CTE Career Journeys – Digital Designer

Abigail Hess

Associate Product Marketing Manager • Career and Technical Education • National Geographic Learning | Cengage

Interview information

Name: Stephanie Cwalina 

Title: Digital Designer

Career Cluster: Arts, A/V Technology & Communications

Company: Eaton Vance

Additional Career Highlight Information

Career Outlook: 3% (Slower than average)

Average Salary: $50,370 per year

Education Needed: Bachelors Degree in Graphic Design or a related field. However, people who have a bachelor’s degree in another field may complete technical training in graphic design to meet most hiring qualifications.

*All career outlook data is collected from the U.S. Bureau of Labor Statistics

Question and Answer with Stephanie Cwalina

Q: Describe your career journey, how did you earn your current title? Please include any required education, certifications, skills, or personal qualities you believe helped you achieve your current role. How did you decide this industry is where you would like to work?

A: I received my BFA in Graphic Design and Digital Arts. I started going to school for Graphic Design, where I ended up taking some of the Digital Arts courses as electives. I really enjoyed them, which encouraged me to double major. Digital Arts includes courses like 3D animation, 2D animation, and web production whereas Graphic Design is more of a broad discipline where you can do anything from print to web to digital.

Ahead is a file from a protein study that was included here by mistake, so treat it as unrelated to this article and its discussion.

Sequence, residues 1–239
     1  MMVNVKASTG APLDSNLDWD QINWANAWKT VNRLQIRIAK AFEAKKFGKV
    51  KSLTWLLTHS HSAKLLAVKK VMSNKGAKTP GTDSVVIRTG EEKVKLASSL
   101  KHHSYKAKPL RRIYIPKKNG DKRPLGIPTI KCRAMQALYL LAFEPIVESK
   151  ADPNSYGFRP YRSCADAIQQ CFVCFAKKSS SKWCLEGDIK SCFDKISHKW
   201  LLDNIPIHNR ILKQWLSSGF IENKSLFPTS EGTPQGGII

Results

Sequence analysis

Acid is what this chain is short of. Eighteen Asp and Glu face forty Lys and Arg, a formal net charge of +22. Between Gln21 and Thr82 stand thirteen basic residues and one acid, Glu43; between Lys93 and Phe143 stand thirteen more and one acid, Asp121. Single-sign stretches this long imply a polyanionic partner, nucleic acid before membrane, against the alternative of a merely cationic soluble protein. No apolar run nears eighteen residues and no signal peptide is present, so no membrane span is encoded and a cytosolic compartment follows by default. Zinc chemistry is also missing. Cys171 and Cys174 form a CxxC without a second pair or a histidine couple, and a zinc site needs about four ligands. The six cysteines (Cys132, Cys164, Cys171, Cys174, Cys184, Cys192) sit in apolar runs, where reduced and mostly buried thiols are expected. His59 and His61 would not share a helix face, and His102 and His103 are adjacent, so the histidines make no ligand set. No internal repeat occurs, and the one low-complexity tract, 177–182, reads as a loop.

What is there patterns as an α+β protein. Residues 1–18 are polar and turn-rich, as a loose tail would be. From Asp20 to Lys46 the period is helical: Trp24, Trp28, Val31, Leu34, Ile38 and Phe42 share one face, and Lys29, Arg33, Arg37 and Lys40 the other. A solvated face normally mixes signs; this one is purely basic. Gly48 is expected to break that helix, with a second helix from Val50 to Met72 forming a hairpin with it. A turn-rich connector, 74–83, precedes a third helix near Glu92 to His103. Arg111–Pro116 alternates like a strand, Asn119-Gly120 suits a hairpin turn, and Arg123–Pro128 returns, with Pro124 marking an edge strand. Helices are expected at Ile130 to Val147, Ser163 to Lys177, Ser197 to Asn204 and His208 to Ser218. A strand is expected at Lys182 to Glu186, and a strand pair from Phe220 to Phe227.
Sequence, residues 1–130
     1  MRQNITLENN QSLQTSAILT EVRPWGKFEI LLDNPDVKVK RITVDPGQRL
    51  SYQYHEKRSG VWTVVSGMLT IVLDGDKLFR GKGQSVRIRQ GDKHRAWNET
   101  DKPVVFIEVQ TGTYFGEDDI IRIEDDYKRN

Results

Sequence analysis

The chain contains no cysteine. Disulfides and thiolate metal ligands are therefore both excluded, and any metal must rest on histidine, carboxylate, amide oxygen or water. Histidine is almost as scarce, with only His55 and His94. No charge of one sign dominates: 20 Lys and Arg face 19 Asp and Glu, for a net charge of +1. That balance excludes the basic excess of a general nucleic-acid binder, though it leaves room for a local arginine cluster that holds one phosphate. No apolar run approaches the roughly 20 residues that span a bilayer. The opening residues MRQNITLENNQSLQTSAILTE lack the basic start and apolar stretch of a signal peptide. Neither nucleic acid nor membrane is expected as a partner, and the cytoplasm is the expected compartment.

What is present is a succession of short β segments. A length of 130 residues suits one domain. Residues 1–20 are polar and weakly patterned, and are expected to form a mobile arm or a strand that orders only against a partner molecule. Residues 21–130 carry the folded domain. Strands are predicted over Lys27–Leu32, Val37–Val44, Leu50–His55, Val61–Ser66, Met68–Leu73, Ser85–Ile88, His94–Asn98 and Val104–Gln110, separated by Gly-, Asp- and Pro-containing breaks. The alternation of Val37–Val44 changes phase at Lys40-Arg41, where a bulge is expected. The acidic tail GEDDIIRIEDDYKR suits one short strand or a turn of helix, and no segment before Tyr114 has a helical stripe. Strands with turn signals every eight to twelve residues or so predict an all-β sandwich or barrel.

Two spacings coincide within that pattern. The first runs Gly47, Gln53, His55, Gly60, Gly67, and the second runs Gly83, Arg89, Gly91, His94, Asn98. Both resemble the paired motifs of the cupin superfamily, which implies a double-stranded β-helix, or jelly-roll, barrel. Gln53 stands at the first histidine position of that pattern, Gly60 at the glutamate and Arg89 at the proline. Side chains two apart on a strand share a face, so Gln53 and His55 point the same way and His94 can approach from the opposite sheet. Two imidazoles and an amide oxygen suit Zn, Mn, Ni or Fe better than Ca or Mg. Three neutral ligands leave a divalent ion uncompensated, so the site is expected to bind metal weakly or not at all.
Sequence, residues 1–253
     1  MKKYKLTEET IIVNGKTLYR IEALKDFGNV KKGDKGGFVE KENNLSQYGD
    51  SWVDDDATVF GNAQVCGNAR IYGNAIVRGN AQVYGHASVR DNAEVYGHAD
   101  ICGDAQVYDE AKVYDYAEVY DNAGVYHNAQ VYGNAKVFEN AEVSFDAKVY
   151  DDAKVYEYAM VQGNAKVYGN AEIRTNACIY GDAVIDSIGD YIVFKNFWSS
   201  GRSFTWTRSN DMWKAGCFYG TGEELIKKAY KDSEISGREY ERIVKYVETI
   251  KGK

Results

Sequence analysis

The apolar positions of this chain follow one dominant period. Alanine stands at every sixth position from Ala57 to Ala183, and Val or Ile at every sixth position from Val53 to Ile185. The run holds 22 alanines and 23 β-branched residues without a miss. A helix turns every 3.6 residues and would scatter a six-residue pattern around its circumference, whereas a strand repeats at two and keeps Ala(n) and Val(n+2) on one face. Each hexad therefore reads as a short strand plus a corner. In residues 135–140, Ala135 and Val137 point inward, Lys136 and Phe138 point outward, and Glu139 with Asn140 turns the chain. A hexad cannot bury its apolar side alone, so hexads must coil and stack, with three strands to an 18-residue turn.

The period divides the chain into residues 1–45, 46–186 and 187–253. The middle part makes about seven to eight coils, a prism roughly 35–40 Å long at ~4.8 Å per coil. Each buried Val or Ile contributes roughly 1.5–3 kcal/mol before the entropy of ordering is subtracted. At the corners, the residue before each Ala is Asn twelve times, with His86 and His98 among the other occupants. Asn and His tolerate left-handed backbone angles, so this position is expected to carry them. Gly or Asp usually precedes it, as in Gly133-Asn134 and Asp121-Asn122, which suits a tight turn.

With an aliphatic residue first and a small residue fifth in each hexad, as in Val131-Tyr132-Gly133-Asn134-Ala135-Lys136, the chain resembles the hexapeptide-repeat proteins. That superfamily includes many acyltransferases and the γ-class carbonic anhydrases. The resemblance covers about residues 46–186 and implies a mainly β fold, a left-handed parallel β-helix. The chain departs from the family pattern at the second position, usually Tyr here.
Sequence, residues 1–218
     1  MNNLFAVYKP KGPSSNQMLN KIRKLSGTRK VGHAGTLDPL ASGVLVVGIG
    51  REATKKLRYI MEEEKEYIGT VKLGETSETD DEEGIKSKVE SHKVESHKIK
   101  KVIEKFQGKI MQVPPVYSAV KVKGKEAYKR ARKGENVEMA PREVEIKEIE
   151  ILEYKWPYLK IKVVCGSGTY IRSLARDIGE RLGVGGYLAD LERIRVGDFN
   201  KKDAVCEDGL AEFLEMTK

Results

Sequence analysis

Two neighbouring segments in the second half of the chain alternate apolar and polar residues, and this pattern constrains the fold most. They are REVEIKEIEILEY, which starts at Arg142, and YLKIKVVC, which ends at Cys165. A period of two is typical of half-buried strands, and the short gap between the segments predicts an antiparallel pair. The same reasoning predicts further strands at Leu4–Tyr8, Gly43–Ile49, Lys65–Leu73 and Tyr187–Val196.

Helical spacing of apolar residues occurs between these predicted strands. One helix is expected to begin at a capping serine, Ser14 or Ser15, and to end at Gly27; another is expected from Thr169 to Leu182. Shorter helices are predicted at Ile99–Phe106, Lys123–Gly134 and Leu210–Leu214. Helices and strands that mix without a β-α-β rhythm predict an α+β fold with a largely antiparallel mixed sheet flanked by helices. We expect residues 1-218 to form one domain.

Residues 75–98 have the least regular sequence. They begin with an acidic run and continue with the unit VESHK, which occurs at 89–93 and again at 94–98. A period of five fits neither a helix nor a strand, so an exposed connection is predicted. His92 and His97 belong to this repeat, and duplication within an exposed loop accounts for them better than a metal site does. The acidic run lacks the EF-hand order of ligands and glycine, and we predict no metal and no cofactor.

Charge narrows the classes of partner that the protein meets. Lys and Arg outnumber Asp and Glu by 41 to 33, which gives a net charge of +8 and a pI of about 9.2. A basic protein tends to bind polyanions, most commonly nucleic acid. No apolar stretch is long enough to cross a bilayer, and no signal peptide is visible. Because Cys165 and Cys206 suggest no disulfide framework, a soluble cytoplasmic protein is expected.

After college, I worked as a magazine designer for three years before deciding to go into marketing design, because there were many job opportunities and it was a strong sector to work in. The cool thing about marketing is that almost any company has a marketing department. So you can work in pretty much any industry. So far, I’ve worked in tech, education, and am now in the finance industry. It’s been helpful to have such a broad range of experience and has allowed me to work on a wide range of projects.

Any job requires soft skills, but for designers, being able to collaborate and communicate with a broad range of teams is essential. From the very beginning of a project, it is important to speak with your coworkers or clients to understand what they expect from their creative request. Then when you receive edits or feedback, later on, you will need to be able to work together to get to the root of what they really want out of the project and collaborate for the best outcome.

Being able to accept criticism is also a huge part of being a designer or working in any creative field. There will be times when clients do not like your work, so you have to develop a very thick skin. It’s important to be able to analyze and take something constructive from whatever they say and to use that to create something better or more in line with what they are looking for.

Q: How does your role interact with other others? (co-workers, customers/patients/clients, other companies/organizations, and the community?)